It will help to step back from the specifics of the case, and to examine outsourcing strategies in general terms. 4 principal guidelines should define the boundaries of what a company does internally, and how it gets the rest done:Back-sourcing cannot cater to the whims of new managerial resources after corporate mergers. Outsourcing is a key for successful competition and for quick responses to market opportunities (Delaney, 2004). JPM needs a reliable source of technology to keep pace with market developments in IT, and to deliver new products for emerging territories quickly and in the forms which customers need.
IT is not central to JPM’s strengths, so it is futile to try and match the qualities which a market leader from a technology-intensive field can provide. The move is likely to distract top JPM management, and create unproductive tremors in lower echelons of management as well. Competitors and IBM may emerge as the real winners of this poorly conceived move! JPM cannot hope to match the engineering pool of experience and skills which IBM provides, and more than IBM can hope to climb to the heights which JPM has achieved in its field.
Third party specialists are key resources in every business (Delaney, 2004). Outsourcing should bring in specialized knowledge at affordable costs, and leave companies free to concentrate on the main drivers of its domain. The Research budgets and human resources of IBM, which could have fortified JPM, are now turned against it. Suggestions in the case that JPM may eventually offshore its IT, makes the back-sourcing from IBM look even worse. Off-shoring may carry serious intellectual property risks (Delaney, 2004).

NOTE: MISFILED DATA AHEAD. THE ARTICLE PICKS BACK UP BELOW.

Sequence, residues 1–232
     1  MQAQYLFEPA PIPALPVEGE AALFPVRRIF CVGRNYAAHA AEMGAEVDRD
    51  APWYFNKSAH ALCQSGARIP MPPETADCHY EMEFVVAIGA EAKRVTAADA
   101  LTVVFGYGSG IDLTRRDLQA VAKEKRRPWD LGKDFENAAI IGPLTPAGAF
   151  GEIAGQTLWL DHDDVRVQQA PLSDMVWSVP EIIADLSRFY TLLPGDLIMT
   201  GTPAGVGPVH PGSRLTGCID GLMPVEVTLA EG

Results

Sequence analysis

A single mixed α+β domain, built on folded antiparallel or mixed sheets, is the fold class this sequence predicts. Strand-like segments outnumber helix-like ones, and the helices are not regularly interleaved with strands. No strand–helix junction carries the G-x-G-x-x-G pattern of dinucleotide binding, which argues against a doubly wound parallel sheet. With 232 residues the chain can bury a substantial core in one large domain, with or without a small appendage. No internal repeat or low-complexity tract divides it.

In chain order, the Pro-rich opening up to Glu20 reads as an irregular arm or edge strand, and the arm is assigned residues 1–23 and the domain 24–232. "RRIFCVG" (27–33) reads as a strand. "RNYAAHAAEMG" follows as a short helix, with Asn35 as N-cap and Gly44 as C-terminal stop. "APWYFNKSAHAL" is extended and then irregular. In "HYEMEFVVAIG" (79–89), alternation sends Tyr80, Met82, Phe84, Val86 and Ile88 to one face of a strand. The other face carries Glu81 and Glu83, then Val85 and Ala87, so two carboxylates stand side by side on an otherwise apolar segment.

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Local country rules and conditions, as well as their treaties with the U. S. may not only be insecure and unfavorable, but subject to political swings in those nations as well. Quality control is a prime consideration in off-shore arrangements (Delaney, 2004). It could be taken for granted had JPM continued with IBM. Core competencies and critical success factors should determine outsourcing limits (Schniederjans & Schniederjans, 2007). It is naive to think that JPM can possess better networks or keep programs within its exclusive fold indefinitely.
JPM has to develop new products, brand them effectively, consider new revenue streams such as insurance, and strengthen its shares in new markets. IT is integral but not central or decisive in these matters. Overall, general principles of outsourcing and the specifics of the environment in which JPM operates, do not justify back-sourcing from an IT pioneer and a leader. The move weakens the JPM implementation of its own stated business policies. The move may be more reactionary than visionary in terms of how financial services, IT, and outsourcing are likely to interact with each other in the foreseeable future.